Penn in the News

Atlantic — July 28, 2014

Peter Struck of the School of Arts & Sciences is pictured in front of a green screen as he records a MOOC on Greek mythology.

Philadelphia Inquirer — July 28, 2014

Philippe Bourgois of the School of Arts & Sciences and the Perelman School of Medicine comments on young people using injectable heroin.

Chronicle of Higher Education — July 28, 2014

Go ahead, laugh at them. Call them thin-skinned, lily-livered, self-righteous. They always find a way to take offense. That’s just how—as you’ve surely heard—today’s college students roll. Consider the evidence. Recently students have expressed many concerns that their elders describe as hypersensitivity gone haywire. In March, The New York Times reported on campus discussions of "micro­aggressions," subtle slights of one’s race, ethnicity, gender, or sexual orientation. This spring, commencement speakers at several prominent institutions withdrew amid students’ opposition to their views or affiliations. By then the nation had heard all about "trigger warnings": Students on various campuses have called for alerts about assigned texts (yes, old sport, even The Great Gatsby) that might upset or traumatize them.

Boston Globe — July 27, 2014

The School of Design’s Penn Praxis is cited for helping with Philadelphia city planning and development issues.

New Republic — July 27, 2014

Lance Becker of the Perelman School of Medicine talks about the possibility of long-term cryogenic preservation.

Wall Street Journal — July 27, 2014

William Burke-White of the Law School says that if the plane was brought down by weapons fire, “This would, in some ways, break new ground in the definition of a war crime.”

HuffPost Live — July 24, 2014

Barbie Zelizer of the Annenberg School for Communication discusses the role of social media in the coverage of the Israel-Palestinian conflict.

New York Times — July 24, 2014

John Yasuda of the School of Arts & Sciences is cited in an editorial about China and food-safety regulations.

Louisville Courier-Journal — July 24, 2014

Laura Perna of the Graduate School of Education comments on efforts to tie funding to performance metrics.

“Newsworks,” WHYY Radio (Philadelphia) — July 24, 2014

Mark Pauly of the Wharton School shares his thoughts on insurance premiums during the first year of the Affordable Care Act marketplace.

Wall Street Journal — July 23, 2014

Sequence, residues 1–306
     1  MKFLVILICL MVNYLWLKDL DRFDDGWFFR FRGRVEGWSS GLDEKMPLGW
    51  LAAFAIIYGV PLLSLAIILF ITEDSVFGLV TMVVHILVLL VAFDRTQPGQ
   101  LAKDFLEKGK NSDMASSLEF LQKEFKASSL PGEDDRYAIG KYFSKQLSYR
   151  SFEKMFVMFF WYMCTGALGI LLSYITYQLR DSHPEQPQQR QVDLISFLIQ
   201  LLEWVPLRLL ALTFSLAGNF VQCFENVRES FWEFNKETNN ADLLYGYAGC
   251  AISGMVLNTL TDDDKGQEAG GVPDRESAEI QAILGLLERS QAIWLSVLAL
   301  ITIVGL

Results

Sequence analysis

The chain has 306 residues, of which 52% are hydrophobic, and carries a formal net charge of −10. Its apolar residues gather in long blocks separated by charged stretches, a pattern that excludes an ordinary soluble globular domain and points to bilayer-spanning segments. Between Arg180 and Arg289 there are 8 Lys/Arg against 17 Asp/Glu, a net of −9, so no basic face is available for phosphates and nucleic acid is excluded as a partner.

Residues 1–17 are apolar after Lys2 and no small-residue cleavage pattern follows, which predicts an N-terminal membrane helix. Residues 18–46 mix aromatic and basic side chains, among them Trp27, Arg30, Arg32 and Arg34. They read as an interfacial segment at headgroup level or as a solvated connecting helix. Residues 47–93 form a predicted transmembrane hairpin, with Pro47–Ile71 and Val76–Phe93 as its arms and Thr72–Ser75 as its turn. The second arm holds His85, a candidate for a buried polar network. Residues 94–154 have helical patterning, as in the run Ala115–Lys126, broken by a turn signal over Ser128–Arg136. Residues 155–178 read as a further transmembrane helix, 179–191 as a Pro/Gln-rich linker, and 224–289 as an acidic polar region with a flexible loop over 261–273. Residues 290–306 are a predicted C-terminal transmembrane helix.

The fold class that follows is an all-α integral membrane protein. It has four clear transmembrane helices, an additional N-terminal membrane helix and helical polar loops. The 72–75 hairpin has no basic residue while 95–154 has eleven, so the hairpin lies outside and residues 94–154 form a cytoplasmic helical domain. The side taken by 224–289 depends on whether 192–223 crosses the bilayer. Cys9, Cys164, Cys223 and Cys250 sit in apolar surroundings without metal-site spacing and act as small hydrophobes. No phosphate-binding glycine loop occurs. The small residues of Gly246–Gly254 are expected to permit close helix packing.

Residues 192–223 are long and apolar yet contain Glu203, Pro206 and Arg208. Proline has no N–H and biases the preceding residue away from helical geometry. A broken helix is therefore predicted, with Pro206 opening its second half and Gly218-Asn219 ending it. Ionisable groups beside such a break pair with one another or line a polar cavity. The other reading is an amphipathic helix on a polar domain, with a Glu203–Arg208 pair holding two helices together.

Hanming Fang of the School of Arts & Sciences is cited for co-authoring a working paper about corruption in China’s housing sector.

Washington Post — July 23, 2014

Erwann Michel-Kerjan of the Wharton School poses the questions, “Why does it seem more and more disasters are happening? And, as a nation, who’s supposed to pay for them?”

Philadelphia Inquirer — July 23, 2014

Bridgette Brawner of the School of Nursing is featured for leading Project Gold, a program that teaches teenagers with mental illnesses how to avoid HIV.

HBCU Lifestyle — July 23, 2014

Marybeth Gasman and doctoral student Felecia Commodore of the Graduate School of Education profile significant presidents of historic black colleges and universities such as Beverly Daniel Tatum of Spelman College.

“Newsworks,” WHYY Radio (Philadelphia) — July 23, 2014

Paul Bates of the Perelman School of Medicine shares his thoughts on the results of an HIV research project.

WBUR Radio (Boston) — July 23, 2014

Keisha Cutright of the Wharton School is cited for a collaborative study about using products that require hard work in hopes of gaining personal positive results.

Associated Press — July 22, 2014

Marybeth Gasman of the Graduate School of Education suggests that states should support historically black colleges and universities.

CNBC — July 22, 2014

Howard Kunreuther and Erwann Michel-Kerjan of the Wharton School provide commentary on the Terrorism Risk Insurance Act.

Forbes.com — July 22, 2014

The Milken-Penn GSE Education Business Plan is cited in an article written by an incoming graduate student of the Graduate School of Education.

CNBC — July 22, 2014

Susan Wachter of the Wharton School discusses how rising rents might affect first-time homebuyers.

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